For many entrepreneurs and busy professionals, the pursuit of getting more done during a typical workload can seem daunting. We're distracted constantly; we spend considerable time putting out fires and managing those who can't manage themselves.

Think about it: How many times were you interrupted today? Add to that the burden of getting enough sleep for your health (yes, it's important; ask Jeff Bezos), managing relationships and family life, and squeezing in outside interests. It's no surprise that we find ourselves unable to make it all work. Stressed yet?

While I could point out the usual reasons you should have more work-life balance and frustrate you with played-out illustrations of meditation, "unplugging," and (ugh) time management, how about I actually tell you that you can get more done, if you do it in a smart way.

Here's how.

Immerse yourself in a state of "flow."

We hear about it often, but do we know what it means and how to pull off a state of "flow"? The integral work of positive psychologist Mihaly Csikszentmihalyi, who came up with the concept and practice, says that we can maximize productivity while rewarding ourselves with pleasure and meaning. Nothing can beat that.

Ever had a few hours go by when you were so absorbed in your work, reading a book, or playing a sport that if someone had shouted your name, you wouldn't have heard it? Yeah, that's flow. It felt like minutes instead of hours, didn't it?

The science behind this will get you hooked. When we experience flow, we benefit from the twin towers of peak experience and peak performance. In other words, we both encounter pleasure and perform at our best. Seriously.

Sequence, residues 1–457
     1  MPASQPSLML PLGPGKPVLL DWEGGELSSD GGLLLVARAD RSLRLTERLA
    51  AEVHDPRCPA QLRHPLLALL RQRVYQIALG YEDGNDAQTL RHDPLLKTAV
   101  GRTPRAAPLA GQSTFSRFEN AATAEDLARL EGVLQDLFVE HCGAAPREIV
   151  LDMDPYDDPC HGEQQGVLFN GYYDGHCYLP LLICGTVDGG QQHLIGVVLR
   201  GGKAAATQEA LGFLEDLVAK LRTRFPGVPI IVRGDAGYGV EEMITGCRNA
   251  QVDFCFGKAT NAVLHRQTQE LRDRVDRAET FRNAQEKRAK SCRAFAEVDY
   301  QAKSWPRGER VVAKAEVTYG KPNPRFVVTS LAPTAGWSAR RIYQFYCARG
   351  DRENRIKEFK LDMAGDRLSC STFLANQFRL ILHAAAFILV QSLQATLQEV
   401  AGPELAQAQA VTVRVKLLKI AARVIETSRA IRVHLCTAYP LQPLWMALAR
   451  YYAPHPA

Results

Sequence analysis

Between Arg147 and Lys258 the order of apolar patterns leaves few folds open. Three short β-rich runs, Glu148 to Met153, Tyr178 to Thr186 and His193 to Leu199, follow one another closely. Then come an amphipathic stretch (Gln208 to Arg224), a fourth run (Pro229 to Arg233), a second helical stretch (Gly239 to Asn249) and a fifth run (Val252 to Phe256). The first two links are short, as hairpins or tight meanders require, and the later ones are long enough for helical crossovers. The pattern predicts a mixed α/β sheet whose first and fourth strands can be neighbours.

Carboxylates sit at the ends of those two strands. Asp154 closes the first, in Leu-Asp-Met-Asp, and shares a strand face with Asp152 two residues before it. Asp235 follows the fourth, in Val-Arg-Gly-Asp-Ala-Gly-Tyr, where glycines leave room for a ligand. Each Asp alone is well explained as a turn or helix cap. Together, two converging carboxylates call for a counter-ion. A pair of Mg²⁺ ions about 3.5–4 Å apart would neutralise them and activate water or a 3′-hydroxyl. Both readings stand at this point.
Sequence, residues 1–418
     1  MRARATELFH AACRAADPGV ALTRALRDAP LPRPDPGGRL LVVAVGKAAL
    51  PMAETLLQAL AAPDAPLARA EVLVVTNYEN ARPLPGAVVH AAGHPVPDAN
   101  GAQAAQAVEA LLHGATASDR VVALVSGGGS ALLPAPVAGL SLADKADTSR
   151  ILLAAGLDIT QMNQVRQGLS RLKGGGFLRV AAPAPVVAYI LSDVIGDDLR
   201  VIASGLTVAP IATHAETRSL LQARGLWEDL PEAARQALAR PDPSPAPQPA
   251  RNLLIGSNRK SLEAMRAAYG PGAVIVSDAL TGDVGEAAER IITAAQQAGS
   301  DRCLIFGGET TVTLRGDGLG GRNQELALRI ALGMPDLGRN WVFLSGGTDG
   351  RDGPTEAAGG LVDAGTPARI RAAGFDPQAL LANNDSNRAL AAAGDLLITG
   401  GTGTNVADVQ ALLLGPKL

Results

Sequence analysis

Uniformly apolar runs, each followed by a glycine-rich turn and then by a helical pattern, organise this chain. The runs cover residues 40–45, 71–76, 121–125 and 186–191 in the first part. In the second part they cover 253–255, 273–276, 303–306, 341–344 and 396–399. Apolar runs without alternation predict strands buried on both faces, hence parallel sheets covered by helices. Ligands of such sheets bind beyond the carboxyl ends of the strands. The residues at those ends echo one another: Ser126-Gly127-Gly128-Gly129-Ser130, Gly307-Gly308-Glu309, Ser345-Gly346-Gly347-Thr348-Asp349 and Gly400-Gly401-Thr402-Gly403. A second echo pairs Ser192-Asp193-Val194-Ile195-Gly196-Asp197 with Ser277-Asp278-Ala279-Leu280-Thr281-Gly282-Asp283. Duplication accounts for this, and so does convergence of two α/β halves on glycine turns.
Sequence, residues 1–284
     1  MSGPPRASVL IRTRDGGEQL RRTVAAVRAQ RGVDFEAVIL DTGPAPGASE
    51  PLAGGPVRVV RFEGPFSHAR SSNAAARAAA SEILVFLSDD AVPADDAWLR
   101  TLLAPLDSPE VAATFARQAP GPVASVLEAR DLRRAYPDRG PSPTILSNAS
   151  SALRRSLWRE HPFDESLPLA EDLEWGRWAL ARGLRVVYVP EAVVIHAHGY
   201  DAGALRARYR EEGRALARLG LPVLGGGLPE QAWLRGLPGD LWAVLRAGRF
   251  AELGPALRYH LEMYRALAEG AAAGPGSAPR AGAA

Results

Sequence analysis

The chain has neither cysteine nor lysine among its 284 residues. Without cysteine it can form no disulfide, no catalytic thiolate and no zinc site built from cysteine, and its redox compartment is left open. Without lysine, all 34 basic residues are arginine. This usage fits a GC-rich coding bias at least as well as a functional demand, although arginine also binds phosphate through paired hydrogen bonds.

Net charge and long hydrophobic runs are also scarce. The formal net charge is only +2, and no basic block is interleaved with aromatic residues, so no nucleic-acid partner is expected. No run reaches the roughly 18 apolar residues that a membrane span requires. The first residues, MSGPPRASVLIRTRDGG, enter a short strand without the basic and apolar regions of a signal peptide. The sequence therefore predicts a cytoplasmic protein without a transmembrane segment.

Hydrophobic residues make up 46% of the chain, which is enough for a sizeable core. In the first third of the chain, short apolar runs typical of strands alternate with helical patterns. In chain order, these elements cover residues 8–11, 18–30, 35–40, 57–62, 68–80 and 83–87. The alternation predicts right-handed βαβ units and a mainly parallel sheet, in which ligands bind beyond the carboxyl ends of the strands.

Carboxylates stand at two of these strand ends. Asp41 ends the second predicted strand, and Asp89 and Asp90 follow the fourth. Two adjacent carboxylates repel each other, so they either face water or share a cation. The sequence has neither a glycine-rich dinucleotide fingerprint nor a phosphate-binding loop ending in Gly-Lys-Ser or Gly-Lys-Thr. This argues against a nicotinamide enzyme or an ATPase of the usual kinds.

It's the old adage of "being in the zone." You're distraction-free, utterly focused on the activity at hand, but with future benefit--you learn, grow, improve, and perform at your insanely best.

Take it a step further: flow and goals.

To experience true flow, Csikszentmihalyi says you need to have clear goals with a well-defined purpose that takes you to the top of the mountain. Here, as you start a new week, month, or year, are some hallmarks of experiencing flow to the fullest:

  • When pursuing goals, make sure of the direction in which you're headed so there's no ambiguity. Your destination must be crystal clear.
  • Be committed to your objective, with both your head and heart in the game.
  • Your future goal should contribute to the experience of the here and now. Think "present gain, future gain," instead of the false analogy of "no pain, no gain."
  • Make sure the difficulty of a task is not considerably higher than your skill level for that task; otherwise you'll experience the ultimate anti-flow: anxiety.
  • Make sure your skill level for the task is not considerably higher than the difficulty of the task; otherwise you'll experience the catatonic state of boredom.
  • You'll experience flow when the difficulty of the task and your skill level match up.

Bring it home.

It goes without saying, if you're at that place where you just can't get tasks going or push yourself forward to do more, you may want to assess your culture or environment.

If you're in a pressure cooker at work and stressed out daily, that's going to lead to anxiety. On the flip side, if you're in a work environment where there's no challenge and you're merely going through the motions -- clocking in, clocking out, with really no meaning behind your work -- in either case, you'll find it hard to experience flow.

Your turn: When have you experienced flow?